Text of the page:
For quiet Husker star Spielman, ‘behind-the-scenes’ leadership style works just fine
The way JD Spielman explains it, Nebraska football has been on something of a growth spurt for the past year-plus.
Growing pains — the literal ones — can be particularly frustrating, because the discomfort is immediate and obvious, but the payoff isn’t so noticeable.
“I know we’ve come far because everyone’s playing better, everybody’s got more confident,” Spielman told the Journal Star on Thursday. “At the same time, I don’t really notice it day-to-day because it’s kind of like when you’re growing up, you know? You can’t tell that you’re getting taller.”
It can take weeks or a month or even longer to have your height measured again on the door frame and realize that, yeah, you actually have made progress. For Nebraska in 2018, it took plenty of struggle and plenty of wondering — growth without a tangible marker — before wins finally followed.
In a similar way, the offseason features more growing pains and they are reinforced by the program’s 4-2 finish and a productive spring, but the measuring stick doesn’t come back out — not really — until the regular season begins again.
“In the long run, when you look at it, you really see all the changes you went through,” Spielman said. “Every day, you’re not going to look in the mirror and look any different, but fast forward a month or so after workouts and you look in the mirror again, you’re like, ‘Ok, now I notice it and I can see that it’s working.’”
Spielman is quite possibly Nebraska’s single-most accomplished returning player. In his first two seasons, the dynamic wide receiver has 121 catches for 1,648 yards and 10 touchdowns to go along with two return touchdowns — a kickoff on his first collegiate touch in 2017 and a punt return score last year — and joins quarterback Adrian Martinez as the cornerstones of the Huskers’ 2019 offense.
What looms ahead, though, is a new kind of challenge for the 5-foot-9, 180-pound receiver from Eden Prairie, Minnesota. His record-setting partner in crime, Stanley Morgan, is off to the NFL. Defenses have seen for two years what Spielman is capable of and now he is alone at the top of the scouting report when teams set out to slow down NU’s receiving corps.
Does that come with added pressure?
“I just tell myself to go out there and play,” Spielman said. “There’s things I can control and there’s things I can’t control. Stan leaving? Can’t control that. The only thing I can control is how I play and also try to do my best to make sure everybody else in my room feels like they’re ready to play. If they have questions, I help them out.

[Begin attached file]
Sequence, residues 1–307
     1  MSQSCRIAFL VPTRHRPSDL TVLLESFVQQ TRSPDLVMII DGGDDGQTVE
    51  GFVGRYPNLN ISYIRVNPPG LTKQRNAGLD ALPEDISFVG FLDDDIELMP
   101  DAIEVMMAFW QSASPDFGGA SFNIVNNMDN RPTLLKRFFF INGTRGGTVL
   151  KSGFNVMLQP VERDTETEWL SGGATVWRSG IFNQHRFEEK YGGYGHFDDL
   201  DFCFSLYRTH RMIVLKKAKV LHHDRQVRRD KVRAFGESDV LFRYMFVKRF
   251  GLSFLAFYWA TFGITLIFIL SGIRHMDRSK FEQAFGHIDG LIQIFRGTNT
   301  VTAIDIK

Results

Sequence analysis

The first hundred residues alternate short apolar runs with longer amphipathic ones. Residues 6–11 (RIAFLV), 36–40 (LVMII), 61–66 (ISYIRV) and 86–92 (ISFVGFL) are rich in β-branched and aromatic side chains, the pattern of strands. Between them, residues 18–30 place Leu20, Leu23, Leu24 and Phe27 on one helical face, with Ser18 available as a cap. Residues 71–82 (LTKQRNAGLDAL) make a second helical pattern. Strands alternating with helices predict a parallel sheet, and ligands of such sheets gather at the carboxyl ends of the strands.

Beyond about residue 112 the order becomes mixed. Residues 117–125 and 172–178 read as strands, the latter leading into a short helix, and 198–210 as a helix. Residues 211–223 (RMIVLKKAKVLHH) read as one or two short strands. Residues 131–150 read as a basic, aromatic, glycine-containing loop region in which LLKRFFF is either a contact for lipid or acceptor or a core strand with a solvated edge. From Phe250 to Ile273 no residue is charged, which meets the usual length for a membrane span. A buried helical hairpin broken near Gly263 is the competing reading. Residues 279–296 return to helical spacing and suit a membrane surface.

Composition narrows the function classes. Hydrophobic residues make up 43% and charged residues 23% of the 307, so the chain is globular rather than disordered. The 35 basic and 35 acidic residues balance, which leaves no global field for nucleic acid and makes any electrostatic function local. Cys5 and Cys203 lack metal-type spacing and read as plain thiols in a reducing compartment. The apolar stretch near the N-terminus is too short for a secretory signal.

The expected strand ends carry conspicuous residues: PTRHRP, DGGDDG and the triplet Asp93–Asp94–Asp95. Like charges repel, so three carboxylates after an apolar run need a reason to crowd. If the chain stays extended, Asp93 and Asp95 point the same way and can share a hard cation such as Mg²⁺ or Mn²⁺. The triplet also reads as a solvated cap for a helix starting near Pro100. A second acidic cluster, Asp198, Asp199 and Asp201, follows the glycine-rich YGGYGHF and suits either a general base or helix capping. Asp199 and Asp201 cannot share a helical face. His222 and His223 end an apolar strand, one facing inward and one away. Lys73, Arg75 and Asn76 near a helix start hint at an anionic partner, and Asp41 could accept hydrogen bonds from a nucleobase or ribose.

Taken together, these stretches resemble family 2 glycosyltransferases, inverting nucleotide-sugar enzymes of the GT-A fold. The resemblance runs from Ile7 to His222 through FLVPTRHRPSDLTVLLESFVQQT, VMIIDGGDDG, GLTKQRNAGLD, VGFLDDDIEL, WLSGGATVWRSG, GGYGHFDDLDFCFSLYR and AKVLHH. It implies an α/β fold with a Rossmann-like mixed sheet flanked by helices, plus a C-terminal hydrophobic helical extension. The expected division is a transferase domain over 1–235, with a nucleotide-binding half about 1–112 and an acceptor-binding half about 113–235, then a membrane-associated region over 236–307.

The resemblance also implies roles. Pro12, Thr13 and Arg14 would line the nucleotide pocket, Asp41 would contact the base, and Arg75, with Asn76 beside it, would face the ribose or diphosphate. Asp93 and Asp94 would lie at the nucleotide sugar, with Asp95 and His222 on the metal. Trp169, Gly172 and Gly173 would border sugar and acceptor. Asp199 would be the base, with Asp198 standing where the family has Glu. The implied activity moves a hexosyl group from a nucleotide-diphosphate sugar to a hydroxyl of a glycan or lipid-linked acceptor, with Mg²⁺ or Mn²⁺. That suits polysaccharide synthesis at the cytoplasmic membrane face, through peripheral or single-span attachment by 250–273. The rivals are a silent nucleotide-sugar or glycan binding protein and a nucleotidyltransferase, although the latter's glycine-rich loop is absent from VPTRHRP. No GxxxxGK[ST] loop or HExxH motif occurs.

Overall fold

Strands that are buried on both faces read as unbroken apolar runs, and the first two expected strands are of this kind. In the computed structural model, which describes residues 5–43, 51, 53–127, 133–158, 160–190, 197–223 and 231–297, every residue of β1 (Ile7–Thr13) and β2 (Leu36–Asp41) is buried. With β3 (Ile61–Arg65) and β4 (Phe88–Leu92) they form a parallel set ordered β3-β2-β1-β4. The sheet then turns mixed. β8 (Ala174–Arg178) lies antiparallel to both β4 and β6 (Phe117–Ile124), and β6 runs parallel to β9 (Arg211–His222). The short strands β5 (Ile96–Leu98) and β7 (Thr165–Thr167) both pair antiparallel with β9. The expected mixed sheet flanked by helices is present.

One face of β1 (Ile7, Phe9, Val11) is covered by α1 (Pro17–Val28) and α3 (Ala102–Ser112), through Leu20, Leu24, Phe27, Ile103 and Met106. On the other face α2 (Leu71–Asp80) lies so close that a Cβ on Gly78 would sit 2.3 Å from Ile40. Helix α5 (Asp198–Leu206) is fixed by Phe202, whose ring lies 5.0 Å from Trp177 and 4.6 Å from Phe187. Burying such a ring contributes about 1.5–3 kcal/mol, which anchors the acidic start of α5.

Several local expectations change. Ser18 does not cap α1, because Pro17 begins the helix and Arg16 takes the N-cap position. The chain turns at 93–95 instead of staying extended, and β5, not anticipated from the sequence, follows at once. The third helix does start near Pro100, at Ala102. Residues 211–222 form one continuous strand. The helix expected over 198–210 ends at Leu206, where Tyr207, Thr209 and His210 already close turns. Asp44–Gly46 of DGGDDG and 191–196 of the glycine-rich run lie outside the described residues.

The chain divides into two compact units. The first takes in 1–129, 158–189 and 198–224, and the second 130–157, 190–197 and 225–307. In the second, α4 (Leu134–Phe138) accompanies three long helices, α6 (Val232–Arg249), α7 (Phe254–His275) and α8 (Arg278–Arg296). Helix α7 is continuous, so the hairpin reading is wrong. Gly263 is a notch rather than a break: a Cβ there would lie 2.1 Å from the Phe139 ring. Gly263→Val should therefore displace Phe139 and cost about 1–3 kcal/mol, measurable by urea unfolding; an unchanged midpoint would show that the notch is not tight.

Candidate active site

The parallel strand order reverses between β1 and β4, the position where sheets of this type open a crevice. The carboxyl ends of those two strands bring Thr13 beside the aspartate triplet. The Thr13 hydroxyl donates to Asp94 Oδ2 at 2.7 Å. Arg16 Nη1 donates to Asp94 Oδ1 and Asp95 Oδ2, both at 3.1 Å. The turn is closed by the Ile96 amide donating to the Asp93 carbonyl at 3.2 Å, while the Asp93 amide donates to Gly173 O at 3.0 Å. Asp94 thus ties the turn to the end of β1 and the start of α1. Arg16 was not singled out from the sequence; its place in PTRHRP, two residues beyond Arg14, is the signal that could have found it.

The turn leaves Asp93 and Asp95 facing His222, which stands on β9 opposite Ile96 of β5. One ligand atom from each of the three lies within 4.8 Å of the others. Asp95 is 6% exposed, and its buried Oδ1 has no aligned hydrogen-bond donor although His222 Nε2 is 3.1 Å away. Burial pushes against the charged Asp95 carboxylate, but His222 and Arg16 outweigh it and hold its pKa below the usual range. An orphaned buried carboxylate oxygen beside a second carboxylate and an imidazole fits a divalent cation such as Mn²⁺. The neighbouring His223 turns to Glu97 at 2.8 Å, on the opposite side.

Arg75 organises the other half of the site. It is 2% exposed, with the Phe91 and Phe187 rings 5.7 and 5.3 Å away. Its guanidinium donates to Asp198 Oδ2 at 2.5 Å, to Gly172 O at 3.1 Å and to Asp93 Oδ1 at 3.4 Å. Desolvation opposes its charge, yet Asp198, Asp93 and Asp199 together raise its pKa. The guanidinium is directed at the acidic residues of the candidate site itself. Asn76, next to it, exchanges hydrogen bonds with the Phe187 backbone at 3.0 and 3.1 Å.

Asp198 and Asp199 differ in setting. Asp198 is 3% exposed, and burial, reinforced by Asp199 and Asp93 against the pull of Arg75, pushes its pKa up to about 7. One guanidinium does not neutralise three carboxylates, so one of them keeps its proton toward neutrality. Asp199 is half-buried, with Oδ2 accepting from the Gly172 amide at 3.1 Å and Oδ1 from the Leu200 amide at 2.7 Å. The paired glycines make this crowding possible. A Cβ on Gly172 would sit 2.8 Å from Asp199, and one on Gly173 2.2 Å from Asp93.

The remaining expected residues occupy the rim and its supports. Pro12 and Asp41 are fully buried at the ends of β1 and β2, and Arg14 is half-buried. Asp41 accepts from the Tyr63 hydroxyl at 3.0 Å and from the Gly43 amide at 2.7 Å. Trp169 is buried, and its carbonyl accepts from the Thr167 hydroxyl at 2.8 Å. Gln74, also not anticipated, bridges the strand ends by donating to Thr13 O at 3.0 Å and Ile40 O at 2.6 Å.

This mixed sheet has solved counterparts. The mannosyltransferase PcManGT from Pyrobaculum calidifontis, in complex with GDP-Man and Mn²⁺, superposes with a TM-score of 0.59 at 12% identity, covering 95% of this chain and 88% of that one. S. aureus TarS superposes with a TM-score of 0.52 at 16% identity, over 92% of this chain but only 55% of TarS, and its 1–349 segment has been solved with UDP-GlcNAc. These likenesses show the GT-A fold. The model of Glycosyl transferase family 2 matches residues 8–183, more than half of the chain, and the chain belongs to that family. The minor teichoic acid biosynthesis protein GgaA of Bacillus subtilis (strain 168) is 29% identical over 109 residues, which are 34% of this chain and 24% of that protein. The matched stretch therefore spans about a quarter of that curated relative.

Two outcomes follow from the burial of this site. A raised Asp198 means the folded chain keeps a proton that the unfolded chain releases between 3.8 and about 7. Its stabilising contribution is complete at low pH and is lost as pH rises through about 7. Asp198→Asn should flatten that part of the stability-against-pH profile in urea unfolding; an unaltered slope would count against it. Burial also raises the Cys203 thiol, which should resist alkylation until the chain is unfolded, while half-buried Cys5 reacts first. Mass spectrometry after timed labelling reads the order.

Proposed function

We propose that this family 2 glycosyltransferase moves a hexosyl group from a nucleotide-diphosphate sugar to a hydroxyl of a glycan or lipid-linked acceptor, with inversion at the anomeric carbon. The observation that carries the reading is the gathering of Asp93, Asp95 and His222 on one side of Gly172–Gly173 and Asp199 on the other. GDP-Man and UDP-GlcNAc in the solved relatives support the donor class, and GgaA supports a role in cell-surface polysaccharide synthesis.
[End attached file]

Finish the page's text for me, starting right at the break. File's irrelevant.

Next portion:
“I don’t really put too much pressure on myself, I just tell myself, treat it like any other game, go out there and play the best I can play.”
Much the way that Frost and offensive coordinator Troy Walters have asked Martinez to be the face of the program, coaches have asked Spielman to be a leader on offense.
“He more wants to show you on the field, but I told him there’s going to be times when he has to step up vocally and call guys out and encourage and cheer and he’s got to be more vocal, and he’s adapting to that role this spring,” Walters said in March. “He’ll continue to grow in that role and come the season, he’ll be exactly where we need.”
Spielman agreed he’s more comfortable being a behind-the-scenes leader, but don’t mistake subtlety for inaction.
“If someone messes up, I’m not the type to correct them or yell at them on the spot. I’ll maybe meet them up in the locker room after practice and talk through it and try to figure out why it got messed up,” Spielman said. “Maybe it’s because they were thinking about something else other than football at that time and I’ll try to help them with that. Maybe they just didn’t know the play and then I’ll try to help them learn the plays, help them figure that out.
“I don’t really talk to the media or I’m not really like a vocal guy or anything, I just try to do things behind the scenes as more of a private or one-on-one thing. I know when someone messes up, they already feel bad enough and the last thing they need is someone harping on them on top of that. I kind of let them get a chance to cool themselves down, get that play out of their head and I’ll come up to them later when no one’s paying attention, just on the side, and we’ll talk about it.”
Spielman already has accolades and expectations from within and without. Walters said this spring he reminds Spielman regularly that he should be trying to be the best receiver not in Nebraska’s position group but in the country. He clearly has respect from his coaches and teammates and opposing Big Ten teams.
As he and the Huskers continue to grow, just don’t expect him to boast much about it.
“I feel like, as long as I know what I accomplish and I know what my guys that I work with — all the guys that I wake up in the morning for all the workouts and all the grinding that we do the whole summer, the whole offseason — as long as they know and as long as I know and as long as the coaches know, everyone that’s in the immediate family, that’s all I really care about.”